Sunday, May 09, 2010

What We Owe Our Mothers

©LK Hunsaker. Do not copyI watched the first part of Father of the Bride again last night. I had to laugh at his realization that his daughter was the age his wife had been when they married. He couldn’t imagine she had been so young. I’ve had that thought often, as next month, my daughter will be the age I was when I got married.

I kept thinking how hard that had to be for my mom, as it was much the same situation: I met someone from a distance and brought him home to say we were getting married. I was still 20 at the time and so sure of myself. Well, mostly. My daughter is older than that now and heading that direction *sigh* and I just can’t see how she can be old enough to be thinking of marriage.

We’re not as old at that age as we think we are. How do our moms deal with watching us walk into a whole new world while knowing we really have no idea what we’re getting into? How do we let our little girls, who we’ve protected and defended and veered into the right direction and taught to be ladies who should stand on their own and be proud of themselves walk down the aisle and tie themselves to some man who thinks he loves her more than anyone else in the world?

Of course that’s not true. No one can love a child the way a mom does. And yet, as my mom always said: we raise them, put up with all of the hassle and hard times, the spit up and throw up, the NOs and I DON’T WANT TOs, the head-locking when all we’re really trying to do is to make things better for them, finally get them to adulthood and see all the beautiful results of all those frustrating hair-tearing-out years … and they leave us for some guy.

Wait. How is that fair?

But, I did it to my mom and it’s time for payback.

So what do we owe our moms for having to go through this whole routine, especially the horrible letting go part?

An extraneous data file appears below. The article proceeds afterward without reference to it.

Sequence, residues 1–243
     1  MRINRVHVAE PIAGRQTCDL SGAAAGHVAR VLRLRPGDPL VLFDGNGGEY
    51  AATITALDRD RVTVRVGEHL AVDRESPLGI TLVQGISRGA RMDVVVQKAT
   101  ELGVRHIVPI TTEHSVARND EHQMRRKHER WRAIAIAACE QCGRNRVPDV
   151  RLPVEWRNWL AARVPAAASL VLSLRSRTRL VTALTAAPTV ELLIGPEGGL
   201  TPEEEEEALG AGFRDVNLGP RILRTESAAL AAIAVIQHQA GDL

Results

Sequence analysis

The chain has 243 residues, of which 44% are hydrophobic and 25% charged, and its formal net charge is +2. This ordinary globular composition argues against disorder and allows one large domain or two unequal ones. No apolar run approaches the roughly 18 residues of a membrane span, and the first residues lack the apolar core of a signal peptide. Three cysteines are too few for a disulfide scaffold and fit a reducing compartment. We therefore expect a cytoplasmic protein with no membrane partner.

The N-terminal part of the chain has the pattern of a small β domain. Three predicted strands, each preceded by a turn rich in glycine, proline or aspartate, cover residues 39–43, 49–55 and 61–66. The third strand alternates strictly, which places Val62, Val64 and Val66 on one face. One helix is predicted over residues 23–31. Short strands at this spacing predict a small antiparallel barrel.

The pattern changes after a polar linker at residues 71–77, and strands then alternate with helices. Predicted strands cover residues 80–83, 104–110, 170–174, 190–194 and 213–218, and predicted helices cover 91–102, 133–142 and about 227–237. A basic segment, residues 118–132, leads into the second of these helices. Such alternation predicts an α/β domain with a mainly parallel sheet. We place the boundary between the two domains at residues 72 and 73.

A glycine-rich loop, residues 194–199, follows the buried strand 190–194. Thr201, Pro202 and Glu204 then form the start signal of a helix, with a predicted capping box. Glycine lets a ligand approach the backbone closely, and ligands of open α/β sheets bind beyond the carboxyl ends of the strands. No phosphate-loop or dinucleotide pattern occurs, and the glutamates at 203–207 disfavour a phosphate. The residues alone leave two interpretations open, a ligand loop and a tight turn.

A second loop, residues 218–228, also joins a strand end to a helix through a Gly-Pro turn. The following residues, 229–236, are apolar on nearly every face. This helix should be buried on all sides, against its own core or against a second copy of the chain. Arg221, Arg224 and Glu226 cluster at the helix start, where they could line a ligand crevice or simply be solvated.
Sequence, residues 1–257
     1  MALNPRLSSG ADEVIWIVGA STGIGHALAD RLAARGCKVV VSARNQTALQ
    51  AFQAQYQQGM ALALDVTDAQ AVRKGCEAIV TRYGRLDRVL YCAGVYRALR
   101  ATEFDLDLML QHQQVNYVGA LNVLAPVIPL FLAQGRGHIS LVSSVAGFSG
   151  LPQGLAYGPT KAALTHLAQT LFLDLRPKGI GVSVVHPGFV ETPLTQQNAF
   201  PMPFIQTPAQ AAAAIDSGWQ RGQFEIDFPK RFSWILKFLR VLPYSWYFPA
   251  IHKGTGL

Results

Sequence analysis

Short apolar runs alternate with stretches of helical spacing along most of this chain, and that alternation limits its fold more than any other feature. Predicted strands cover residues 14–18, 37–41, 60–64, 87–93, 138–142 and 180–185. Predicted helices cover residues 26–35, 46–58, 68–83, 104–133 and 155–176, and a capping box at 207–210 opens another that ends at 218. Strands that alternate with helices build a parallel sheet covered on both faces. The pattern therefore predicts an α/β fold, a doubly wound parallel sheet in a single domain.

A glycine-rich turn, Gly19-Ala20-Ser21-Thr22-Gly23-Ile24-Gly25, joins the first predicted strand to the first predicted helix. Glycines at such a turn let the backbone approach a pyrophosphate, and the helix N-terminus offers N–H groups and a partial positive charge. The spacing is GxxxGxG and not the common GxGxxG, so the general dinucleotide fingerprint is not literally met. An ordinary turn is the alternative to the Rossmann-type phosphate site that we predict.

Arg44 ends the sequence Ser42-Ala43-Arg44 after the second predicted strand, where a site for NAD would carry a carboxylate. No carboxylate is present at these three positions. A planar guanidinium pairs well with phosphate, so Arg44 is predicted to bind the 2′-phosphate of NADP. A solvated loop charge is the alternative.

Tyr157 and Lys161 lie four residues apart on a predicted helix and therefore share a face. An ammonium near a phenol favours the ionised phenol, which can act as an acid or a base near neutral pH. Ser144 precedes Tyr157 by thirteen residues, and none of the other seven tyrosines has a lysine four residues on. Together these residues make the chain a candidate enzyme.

Everything.

Of course we can’t give them everything, but we can try to give them what they always wanted most for us: to live in a way we make things better for ourselves, not harder; to make good choices as she kept drumming into our head; to not let ‘that boy’ or anyone else turn us away from who we are and what we want from life, and to always remember that what we do affects our moms, forever. Yes, we owe them that. And if we keep that in mind and do our best to keep making Mom proud, we will better our own lives, as well.

That’s all Mom ever really wanted.

with my daughter-Nov1990

5 comments:

Cheryl said...

Great post, Loraine. So true. I didn't know your daughter was thinking about getting married! Hope she picked a good one!LOL Happy Mother's Day.
Love,
Cheryl

Kathi said...

I didn't know she was thinking about that either ... hmmmmm.

Beautiful post just as I expected it would be. :-)

LK Hunsaker said...

Thank you :-)

Well... not any time soon and nothing official, only rumblings.

She has pretty good judgment even if Mom and Dad can't see that any guy will be good enough. ;-)

Dorothy said...

Such a beautiful post. What can I say? :_) ♥

You're right, of course. No one can love a child as much as their mother does. ;) (mwah)

Celia Yeary said...

LORAINE--I've also been amazed a few times when I realize our daughter has reached a certain age and I recall myself at that age. Interesting. And...I'm still in my 60's, but in December I'll be married 52 years to the same man. Yes, you heard me right. Figure out how young I was when I married.
My mother was at an even earlier age. The reason I went to college when I was 27 was that I was following in my mother's footsteps. Then at 27 with two young children, I stepped outside the box, and I'm not sure Mother ever forgave me for that.I often heard her tell people, "Celia is a teacher, but my other two daughters have really good jobs." Hmmm. Celia